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Love and War

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It is a well established fact that love is harder than crime. Or war. Or as it turns out, crime-fighting.
Most days, that’s okay. Because most days, love is better.
Today is not one of them.

Amy knows that Lucy is in a bad mood, because she’s drinking coffee before they leave their flat in Barcelona to breakfast at the bakery down the street. She’s also muttering under her breath about Australians again.
“Luce,” she breathes, her voice soft as she climbs out of bed. More grumbling ensues. “Lucy.” Her voice is more solid this time, with a hint of warning behind it.
“What Amy?” Lucy practically yells. Yep. Definitely in a bad mood.
“You okay, honey?” Amy’s voice is soft again, and her hand reaching for Lucy’s shoulder, running light, soothing circles over her back.
“Really, sweetheart?”
“Yes, really.” At this Lucy brushes Amy’s hand away. “You should get dressed. I’m already late for work.”
“Yeah.” Amy turns away, retreating to the closet to pull on her clothes.

They eat, pretty much in silence, and Amy leaves for art class while Lucy makes her way to the marina to rent sailboats to tourists. Lucy’s head is throbbing. She feels like she’s about to be ill, but she didn’t lie to Amy. Nothing’s wrong, per se, it’s just that her father is alive. Her father, alive, wondering what she’s up to, why she’s given up on super-criminality.
She wants to ignore him, she tries to ignore him, but he’s her father. And he’s alive, and she hasn’t seen him since she was sixteen and she misses him like nothing else. So midway through work, she calls Amy.
The phone picks up on the first ring, because Amy’s on break between classes. Probably eating lunch somewhere in the gardens on campus.
“Hey Amy. My dad, he um, well, he’s not dead it turns out, just, er, hiding from Interpol, and he wants to have dinner with me.”
“What? Why didn’t you tell me?”
There really is no good answer to that.
“Does he want to bring you back to the world of criminal scum?”
Scum? That hurts. Lucy was never scum, and she was the best criminal there was.
“I don’t know.” Her jaw is tensing, she’s beginning to daydream about sinking Australia again. “Amy, I have to meet him. He’s my dad. I thought he died a decade ago.”
“Alright. Do you want me to be there?”
“You're probably the best explanation to all his questions. Why are you not a criminal? Because Amy. Why are you living in Spain? Because Amy. Why do get out of bed in the morning, despite your miserable existence? BECAUSE OF AMY.” She’s pretty much screaming right now, and part of her is embarrassed, but another part is just so fucking angry she doesn’t care. Similarly, she’s aware that she’s being unjust, aware that on pretty much any other day most of the things she’s said would be reverent, whispered praise: why is she happy, nine times out of ten? Because of Amy. She doesn’t know why she’s so mad, maybe her hormones are all screwed over, maybe her period is about to start. Wait....oh shit, how could she have possibly forgotten about that?
Meanwhile, Amy’s hung up on her. Shit.

That afternoon Lucy closes up the shop a bit early, walks to the art school, and waits for Amy to finish her last class. She’s messed up pretty badly, and it’s time to fix it.
When Amy sees her, she all but recoils. “Here to keep yelling at me?” Her voice veritably drips bitterness, distaste.
“Here to beg forgiveness.” A pause, Amy studies her face. “You didn’t deserve any of that. I...I’ve had a rough day and the thing with my dad is stressing me out, and there’s some other stuff going on, and I just snapped. I’m sorry. You are the best thing that’s ever happened to me, and I love you unbearably much.”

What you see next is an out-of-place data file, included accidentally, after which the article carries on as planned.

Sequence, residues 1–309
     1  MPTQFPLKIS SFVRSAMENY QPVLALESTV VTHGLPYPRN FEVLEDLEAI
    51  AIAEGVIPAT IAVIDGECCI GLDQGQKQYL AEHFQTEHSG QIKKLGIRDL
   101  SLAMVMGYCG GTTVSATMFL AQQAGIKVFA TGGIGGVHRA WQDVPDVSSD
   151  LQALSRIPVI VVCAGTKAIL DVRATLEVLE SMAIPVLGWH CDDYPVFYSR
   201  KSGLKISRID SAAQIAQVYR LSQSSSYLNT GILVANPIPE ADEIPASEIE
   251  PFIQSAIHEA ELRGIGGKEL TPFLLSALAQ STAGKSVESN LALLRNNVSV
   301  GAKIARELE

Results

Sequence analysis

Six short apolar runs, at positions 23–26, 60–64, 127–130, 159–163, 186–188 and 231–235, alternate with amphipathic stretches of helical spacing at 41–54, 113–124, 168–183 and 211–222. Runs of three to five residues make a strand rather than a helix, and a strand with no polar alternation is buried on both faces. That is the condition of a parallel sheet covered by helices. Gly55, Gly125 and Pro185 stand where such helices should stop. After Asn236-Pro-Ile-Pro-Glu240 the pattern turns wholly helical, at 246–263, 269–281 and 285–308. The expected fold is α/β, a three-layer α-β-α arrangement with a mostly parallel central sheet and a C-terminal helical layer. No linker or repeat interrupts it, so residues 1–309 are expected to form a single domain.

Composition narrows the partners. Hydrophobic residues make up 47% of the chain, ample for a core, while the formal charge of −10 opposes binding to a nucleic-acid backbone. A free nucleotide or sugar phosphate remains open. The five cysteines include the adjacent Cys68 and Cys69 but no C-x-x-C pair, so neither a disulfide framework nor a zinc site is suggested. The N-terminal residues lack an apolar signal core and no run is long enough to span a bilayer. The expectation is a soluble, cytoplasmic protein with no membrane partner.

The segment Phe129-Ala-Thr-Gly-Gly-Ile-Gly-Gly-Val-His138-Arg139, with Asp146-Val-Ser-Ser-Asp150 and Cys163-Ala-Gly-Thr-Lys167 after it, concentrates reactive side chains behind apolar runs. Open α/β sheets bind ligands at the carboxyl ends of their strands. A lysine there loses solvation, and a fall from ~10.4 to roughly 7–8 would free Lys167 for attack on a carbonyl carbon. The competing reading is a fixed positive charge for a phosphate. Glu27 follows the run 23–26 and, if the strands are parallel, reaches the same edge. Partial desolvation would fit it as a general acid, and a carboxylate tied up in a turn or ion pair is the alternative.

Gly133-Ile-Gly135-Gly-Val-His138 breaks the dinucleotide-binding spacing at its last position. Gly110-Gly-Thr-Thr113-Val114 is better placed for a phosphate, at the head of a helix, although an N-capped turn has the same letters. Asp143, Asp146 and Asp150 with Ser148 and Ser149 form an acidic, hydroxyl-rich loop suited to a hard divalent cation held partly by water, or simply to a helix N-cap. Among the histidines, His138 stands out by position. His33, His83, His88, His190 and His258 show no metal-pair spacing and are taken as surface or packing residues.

Amy sighs, her face melting into a smile. “Okay,” she says, “apology accepted.”
Lucy honestly can’t believe it’s that easy, but Amy’s always been forgiving of her, and is always happy when she tells Amy the truth. She tries to, most of the time, but lying is a habit instilled in her pretty much since birth--you can’t be a master criminal without it.
So Lucy’s grinning too and pulling her into a tight hug and kissing the side of her face. “Let’s go home.” She whispers. “I have an extremely important question to ask you.”

“Amy?” Lucy asks once they’ve reached their flat again, and are sitting at their kitchen table eating ice cream.
“Do you want to become a Spanish citizen?” Amy looks up with confusion.
“Because then you could be my wife--I know it’s not legal back home, but it is here, and here is sort of becoming home--and because unless we move within the next nine months our baby will be Spanish by default.”
“Our baby....Oh, our baby. It worked. I can’t believe it worked!”
“I know, right? Yay DNA splicing!”
Amy laughs. “Yay modern science! Yay genetic research!” Then Amy’s pulling Lucy out of her chair, twirling her around the kitchen. Once they’ve danced themselves breathless, Amy pulls her close, rests her own head on Lucy’s shoulder. “Yes.” she whispers.
“Hmm?” Lucy’s a bit confused, though not concerned.
“Yes, I want to become a citizen of Spain. I want to be your wife.”

Three weeks later they’re meeting Lucy’s dad at an Italian restaurant. He’s wearing a disguise, but Lucy spots him immediately. He is her dad, after all. She grabs Amy by the hand and pulls her over to the table where he sits, eating spaghetti bolognese.
“Dad, I want you to meet Amy, my fiance and mother of the child I’m pregnant with. Former D.E.B, current art student, and love of my life.”
“Hi,” Amy adds. “It’s lovely to meet you.”
Lucy’s dad slumps forward, giving himself a face full of bolognese.
“Am I dreaming?” He asks a minute later.
“Umm, no Dad, I don’t think so.”
More bolognese.

It is a well established fact that love is harder than crime. Or war. Or as it turns out, crime-fighting.
Most days, that’s okay. Because most days, love is better.
Today is one of them.